On one of the first Saturdays of our stay in Ra’ivavae, Elias and I went on a bike ride and stumbled on ruruoa in the village of Anatonu.
For want of a wiki-definition, I might define rururoa as “the Polynesian festival of volleyball.” For three months the Protestant churches in the four villages on Ra’ivavae hold a weekly volleyball/petanque/basketball competition-with-Polynesian feast. The location rotates among the villages, teams from each village wear different color jerseys, and the volleyball is both good-natured and competitive. It lasts all day Saturday, tons of families are there, and the music is loud.
Good fun for a traveling family, you might think.
Well, that first Saturday, Elias wanted nothing to do with it.
We were riding our bikes along the road, then suddenly we were in the middle of a crowd, with lots of kids staring at us – mostly staring at him. Elias didn’t share a language with them, and it made him nervous to suddenly be the object of so much attention. He couldn’t get away fast enough.
Cut to – now, three weeks later.
Every kid on the island of Ra’ivavae – and I mean *every kid *- knows his name. We hear cries of “El-eee-uss!” everywhere we go. And to Elias, that sound is a call to play. He might not know the other kids’ names, and he still doesn’t share a language with them. But he knows enough French to play tag and to thumb wrestle. We can go hours without knowing exactly where Elias is – he’s just somewhere in Rairua, the village we’re anchored at, having a play.
The change, of course, is due to the three weeks that he and Eric went to school. (Whenever a three- or four-year-old on the island sees me, I’m liable to hear, “C’est le papa d’Ereek!“)
We weren’t sure how it would go when we first put the boys into school, but we’ve been very impressed by their willingness to throw themselves into a situation where they can’t speak to anyone, aren’t sure of most peoples’ names, and generally have no idea what’s going on. There are kids to play with – it must be said, some of the friendliest kids we’ve seen anywhere – and that’s good enough for our boys.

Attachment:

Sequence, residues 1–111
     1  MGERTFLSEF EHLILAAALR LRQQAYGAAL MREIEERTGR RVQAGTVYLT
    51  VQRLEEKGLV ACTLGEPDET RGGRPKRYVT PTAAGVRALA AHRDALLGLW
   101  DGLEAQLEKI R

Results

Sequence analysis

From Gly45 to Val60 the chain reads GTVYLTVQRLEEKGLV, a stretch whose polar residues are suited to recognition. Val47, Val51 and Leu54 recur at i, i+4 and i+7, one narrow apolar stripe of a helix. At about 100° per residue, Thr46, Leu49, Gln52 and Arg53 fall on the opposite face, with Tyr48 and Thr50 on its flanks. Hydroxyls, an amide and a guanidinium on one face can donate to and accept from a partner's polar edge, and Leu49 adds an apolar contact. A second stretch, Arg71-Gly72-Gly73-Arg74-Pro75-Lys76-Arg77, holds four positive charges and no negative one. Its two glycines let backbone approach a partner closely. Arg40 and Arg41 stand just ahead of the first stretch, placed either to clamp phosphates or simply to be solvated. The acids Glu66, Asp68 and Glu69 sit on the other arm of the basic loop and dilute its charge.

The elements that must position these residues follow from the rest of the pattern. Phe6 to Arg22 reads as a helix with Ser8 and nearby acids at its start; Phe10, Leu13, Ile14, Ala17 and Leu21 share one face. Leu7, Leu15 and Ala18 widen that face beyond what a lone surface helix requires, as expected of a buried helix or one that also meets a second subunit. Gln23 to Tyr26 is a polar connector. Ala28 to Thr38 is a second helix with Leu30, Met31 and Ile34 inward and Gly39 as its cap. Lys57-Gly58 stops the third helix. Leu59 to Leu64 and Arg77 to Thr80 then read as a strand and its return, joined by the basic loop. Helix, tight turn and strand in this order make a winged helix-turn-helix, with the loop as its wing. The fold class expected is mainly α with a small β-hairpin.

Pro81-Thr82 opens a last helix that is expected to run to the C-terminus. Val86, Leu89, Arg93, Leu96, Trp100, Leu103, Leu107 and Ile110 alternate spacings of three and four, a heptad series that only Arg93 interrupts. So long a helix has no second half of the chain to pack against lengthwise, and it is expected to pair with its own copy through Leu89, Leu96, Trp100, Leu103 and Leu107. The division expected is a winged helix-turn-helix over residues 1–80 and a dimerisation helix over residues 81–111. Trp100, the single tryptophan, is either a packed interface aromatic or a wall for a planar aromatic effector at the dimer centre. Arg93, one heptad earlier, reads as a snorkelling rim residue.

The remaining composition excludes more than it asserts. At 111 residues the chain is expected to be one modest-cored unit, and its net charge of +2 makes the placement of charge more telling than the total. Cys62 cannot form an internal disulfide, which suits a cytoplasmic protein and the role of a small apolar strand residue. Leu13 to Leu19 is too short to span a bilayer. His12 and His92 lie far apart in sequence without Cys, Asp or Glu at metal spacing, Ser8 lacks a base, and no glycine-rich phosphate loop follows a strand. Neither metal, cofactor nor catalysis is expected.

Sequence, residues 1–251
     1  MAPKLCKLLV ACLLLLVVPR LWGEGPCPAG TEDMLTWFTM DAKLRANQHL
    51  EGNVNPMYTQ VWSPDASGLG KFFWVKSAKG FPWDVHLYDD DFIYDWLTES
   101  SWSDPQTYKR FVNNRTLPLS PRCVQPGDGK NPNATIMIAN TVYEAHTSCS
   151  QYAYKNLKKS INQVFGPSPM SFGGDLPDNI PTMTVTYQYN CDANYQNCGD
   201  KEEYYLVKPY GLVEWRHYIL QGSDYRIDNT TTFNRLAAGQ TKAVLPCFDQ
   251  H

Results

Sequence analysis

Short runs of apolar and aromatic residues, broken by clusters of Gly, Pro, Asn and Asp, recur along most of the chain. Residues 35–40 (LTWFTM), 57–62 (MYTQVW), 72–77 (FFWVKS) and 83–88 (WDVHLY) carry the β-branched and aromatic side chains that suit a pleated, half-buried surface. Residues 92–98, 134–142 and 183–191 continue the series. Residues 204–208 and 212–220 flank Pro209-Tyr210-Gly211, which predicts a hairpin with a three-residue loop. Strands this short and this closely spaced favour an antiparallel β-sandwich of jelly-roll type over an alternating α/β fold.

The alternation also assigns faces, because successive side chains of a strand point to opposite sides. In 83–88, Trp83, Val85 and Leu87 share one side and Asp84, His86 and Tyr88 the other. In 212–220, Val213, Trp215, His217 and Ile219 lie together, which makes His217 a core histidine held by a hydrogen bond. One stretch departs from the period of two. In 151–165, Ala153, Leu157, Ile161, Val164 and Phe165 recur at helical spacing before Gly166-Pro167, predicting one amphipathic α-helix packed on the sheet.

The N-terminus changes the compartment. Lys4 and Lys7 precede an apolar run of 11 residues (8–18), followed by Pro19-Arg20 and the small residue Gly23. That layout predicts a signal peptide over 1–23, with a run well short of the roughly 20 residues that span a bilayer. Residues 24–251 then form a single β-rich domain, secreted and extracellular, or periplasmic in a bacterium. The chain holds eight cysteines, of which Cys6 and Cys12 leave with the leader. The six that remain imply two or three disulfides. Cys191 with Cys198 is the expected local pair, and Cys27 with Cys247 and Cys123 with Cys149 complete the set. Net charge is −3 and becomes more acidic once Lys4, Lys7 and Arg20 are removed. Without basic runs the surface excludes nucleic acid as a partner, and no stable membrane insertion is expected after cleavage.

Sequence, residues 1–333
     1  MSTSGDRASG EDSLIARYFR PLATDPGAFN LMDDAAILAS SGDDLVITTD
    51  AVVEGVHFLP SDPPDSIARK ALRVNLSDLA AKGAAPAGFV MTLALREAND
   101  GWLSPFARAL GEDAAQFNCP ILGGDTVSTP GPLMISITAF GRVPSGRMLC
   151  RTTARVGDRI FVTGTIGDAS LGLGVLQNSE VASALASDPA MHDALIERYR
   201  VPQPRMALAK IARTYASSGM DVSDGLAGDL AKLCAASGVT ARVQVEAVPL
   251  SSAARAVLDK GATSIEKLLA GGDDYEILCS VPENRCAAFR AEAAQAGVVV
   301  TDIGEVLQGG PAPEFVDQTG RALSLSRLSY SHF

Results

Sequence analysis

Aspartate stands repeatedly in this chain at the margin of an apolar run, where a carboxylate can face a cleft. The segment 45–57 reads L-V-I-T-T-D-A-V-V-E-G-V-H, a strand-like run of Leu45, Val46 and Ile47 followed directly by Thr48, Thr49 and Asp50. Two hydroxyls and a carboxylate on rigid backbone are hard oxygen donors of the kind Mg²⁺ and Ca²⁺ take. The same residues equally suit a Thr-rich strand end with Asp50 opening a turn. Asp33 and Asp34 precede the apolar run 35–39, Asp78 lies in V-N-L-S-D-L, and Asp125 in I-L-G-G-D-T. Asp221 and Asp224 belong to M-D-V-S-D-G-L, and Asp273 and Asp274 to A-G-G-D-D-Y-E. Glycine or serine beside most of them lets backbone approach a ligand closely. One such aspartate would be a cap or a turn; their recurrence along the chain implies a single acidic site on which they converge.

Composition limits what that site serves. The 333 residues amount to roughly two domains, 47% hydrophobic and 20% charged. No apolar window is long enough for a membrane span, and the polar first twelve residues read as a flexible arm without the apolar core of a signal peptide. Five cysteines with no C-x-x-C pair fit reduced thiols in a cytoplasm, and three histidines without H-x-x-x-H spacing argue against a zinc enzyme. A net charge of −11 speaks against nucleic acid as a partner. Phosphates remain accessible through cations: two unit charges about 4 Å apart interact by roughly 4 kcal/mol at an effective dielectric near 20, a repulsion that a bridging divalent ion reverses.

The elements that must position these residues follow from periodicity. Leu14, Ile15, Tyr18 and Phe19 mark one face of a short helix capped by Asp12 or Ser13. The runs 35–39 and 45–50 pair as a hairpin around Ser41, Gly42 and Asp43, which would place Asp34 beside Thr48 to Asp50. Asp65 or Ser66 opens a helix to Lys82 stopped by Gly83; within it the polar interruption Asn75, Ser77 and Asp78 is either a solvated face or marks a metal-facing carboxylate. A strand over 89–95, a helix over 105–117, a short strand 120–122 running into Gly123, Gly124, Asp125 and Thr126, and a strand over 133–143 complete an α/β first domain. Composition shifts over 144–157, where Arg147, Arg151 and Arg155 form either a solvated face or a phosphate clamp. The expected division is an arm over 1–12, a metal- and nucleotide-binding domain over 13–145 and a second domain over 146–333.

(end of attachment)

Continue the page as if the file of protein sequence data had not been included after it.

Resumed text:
Both of our boys have been traveling for most of their lives, but I think these three weeks, when they’ve gone off without us into such a foreign setting, and have apparently thrived, have been their first real independent travel experience. For Eric, they’ve been the first independent experience of any kind
They weren’t in school long enough to get anything “concrete” out of it, like learning French.
But of course that’s beside the point.
And, I should add that we owe an immense debt of gratitude to the people of Ra’ivavae for welcoming our kids into the school so graciously. Among other things, providing food for the kids is a communal effort – the commune pays for the lunches, but my understanding is that parents bring in food for the kids’ very substantial snacks. So the four villages have been feeding our kids for these three weeks, in a sense, and we are very aware of that kindness, although no one here would ever draw our attention to it.
Alisa has been baking banana cake at a semi-industrial scale as we try to at least make a gesture towards reciprocating.
I’ll end by referencing the picture below.
Elias might not have been in school long enough to learn French.
But what did he learn in school in Polynesia?
How to make armpit farts!
How could you not love that…
Meet the crew of Galactic: Mike and Alisa Litzow and their sons Elias and Eric. “When we left Alaska to sail to Australia with our toddler for crew, we thought it was a once-in-a-lifetime thing. But then we had our second child, and bought our second boat, and sailed across the Pacific a second time. We’ve been living aboard for seven years now. Sometimes we wonder how long we’ll keep at it, but all we know for sure is that the end doesn’t seem to be in sight just yet.” Follow their story at http://thelifegalactic.blogspot.com